CCS Faculty Publishes Creative Non-Fiction Book: Alta California
New CCS Writing & Literature lecturer Nick Neely was interviewed by the LA Review of Books for his recent publication
by Kailyn Kausen (CCS Writing & Literature '20)
Journalist and writer Nick Neely, who joined the CCS Writing & Literature Program as a lecturer in January 2020, was interviewed by the LA Review of Books about the publication of his creative non-fiction book, Alta California: From San Diego to San Francisco, A Journey on Foot to Rediscover the Golden State.
To write Alta California, Neely shouldered a backpack at the San Diego International Airport and hiked north through California. The twelve week trek ended in the San Francisco Bay Area, part of the region formerly known as Alta California. Every day of the walk was described in the book, something Neely recognizes most authors would not do, but he wanted to survey the entirety of California and the varied landscape.
His journey matched the path and pace of the Spanish Portola expedition led by Gaspar de Portolá. This expedition led the first Europeans across California in 1769. Almost 250 years later, Neely followed their route, interweaving historical facts of the expedition with his own memories and experiences.
In the interview, Neely identifies his childhood, spent in the sleepy, small town of Portola Valley in the Bay Area, as the “seed of Alta California.” As a child, Neely would explore nature, and “...[play] around with the bark of eucalyptus, which uncoils like wrapping paper tubes when you whack your friend or sibling with it.” Neely’s adolescent “casual birding” hobby also translated into Alta California with his identification of over 70 species of bird by name.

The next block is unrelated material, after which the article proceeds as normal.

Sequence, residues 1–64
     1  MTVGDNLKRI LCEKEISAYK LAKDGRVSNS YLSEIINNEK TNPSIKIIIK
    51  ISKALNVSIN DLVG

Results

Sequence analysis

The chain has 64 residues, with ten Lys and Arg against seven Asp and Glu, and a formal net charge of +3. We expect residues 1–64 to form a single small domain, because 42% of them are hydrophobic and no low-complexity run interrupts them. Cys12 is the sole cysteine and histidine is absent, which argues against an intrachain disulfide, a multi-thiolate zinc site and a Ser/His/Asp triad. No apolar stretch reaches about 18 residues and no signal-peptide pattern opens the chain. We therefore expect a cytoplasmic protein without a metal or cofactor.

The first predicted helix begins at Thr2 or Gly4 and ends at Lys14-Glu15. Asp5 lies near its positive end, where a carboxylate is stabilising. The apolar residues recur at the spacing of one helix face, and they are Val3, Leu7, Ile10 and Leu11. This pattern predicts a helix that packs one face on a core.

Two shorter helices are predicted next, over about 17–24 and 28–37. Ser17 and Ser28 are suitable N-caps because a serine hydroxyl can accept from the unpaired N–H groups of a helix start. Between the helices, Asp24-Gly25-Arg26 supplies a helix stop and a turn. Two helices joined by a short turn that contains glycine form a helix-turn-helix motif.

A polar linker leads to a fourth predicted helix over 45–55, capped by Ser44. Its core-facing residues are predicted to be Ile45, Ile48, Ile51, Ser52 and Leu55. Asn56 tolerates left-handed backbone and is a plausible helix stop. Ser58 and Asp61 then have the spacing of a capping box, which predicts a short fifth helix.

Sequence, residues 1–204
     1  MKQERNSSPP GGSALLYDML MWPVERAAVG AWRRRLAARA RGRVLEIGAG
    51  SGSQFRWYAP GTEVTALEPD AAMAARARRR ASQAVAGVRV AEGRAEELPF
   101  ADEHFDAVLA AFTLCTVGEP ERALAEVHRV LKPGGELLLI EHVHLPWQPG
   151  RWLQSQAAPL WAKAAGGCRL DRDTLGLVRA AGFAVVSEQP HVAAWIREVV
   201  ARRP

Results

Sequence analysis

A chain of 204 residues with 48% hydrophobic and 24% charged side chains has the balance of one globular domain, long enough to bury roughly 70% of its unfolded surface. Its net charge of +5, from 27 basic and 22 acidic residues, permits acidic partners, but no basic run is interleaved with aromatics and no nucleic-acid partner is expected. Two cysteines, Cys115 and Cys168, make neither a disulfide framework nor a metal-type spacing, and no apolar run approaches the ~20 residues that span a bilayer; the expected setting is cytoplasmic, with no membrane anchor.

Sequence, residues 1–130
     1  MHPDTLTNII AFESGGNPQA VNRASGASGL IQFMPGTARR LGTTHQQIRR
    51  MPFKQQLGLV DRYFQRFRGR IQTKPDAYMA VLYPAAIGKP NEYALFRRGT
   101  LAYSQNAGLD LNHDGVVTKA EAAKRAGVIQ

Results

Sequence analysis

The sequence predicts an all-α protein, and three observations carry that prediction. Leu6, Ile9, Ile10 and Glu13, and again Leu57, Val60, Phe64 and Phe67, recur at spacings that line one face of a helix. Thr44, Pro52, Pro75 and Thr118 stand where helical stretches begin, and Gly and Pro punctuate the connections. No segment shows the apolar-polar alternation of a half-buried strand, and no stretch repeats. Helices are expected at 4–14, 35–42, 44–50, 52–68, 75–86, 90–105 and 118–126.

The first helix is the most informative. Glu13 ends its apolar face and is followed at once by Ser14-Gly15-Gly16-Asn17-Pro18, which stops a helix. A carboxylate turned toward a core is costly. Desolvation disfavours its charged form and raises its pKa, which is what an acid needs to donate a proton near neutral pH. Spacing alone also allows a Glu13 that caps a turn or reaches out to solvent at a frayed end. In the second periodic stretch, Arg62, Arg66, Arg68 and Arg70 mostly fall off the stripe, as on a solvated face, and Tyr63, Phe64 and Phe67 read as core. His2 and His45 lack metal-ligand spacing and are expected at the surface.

He calls the book “immersive” and visualized it “cinematically.” Neely said, “I wanted the book to embody the feeling I had on the walk as much as possible, which was part wonder, part serendipity, part relentlessness, part melancholy.”
“Few people are lucky enough to live at the pace I was living,” Neely said of the eight to ten mile per day pace he kept. He spent his days “lingering and loitering,” recording thoughts on a voice recorder. While he paid attention to the landscape, he “was oblivious to many of the things we pay attention to.” Neely explained, “When I finished the walk, readjusting to being at home did feel a bit like reentry, like I had just parachuted into the sea in my capsule and would need some time in a decompression chamber.”
The journey was not one of complete wonderlust, however, as he faced the realities of walking such a distance across varied terrain with a wide range of amenities. “The walk became a real challenge west of Santa Barbara when Highway 101 was suddenly the only option. So I took the train tracks, which were safer and quieter by far,” Neely recounted. He also pointed out the lack of public restrooms and having to visit fast food restaurants to fill up his water bottle instead of a creek.
Today, Neely brings a wealth of literary experiences to share with CCS Writing & Literature students. In addition to his travel writing experience from this trip across California, Neely also published a collection of essays, titled Coast Range, in 2016 and has published extensively in literary journals and magazines. With an MA in Literature and Environment from University of Nevada, an MFA in nonfiction from Hunter College, and an MFA in poetry from Columbia University, along with residencies like the Djerassi Resident Artist Program, Sitka Center for Art and Ecology, and a coveted PEN Writing Residency, Neely has widespread interests to share with up-and-coming Writing & Literature students.
In Winter and Spring 2020, Neely is teaching his first UC Santa Barbara courses, the CCS Writing & Literature creative nonfiction Junior Tutorials. In this workshop-style course series, third-year CCS Writing & Literature students have the opportunity to work closely with Neely on projects of their interest, guiding the preparation of their senior portfolios.
Read the interview, Step by Step Across California: A Conversation with Nick Neely.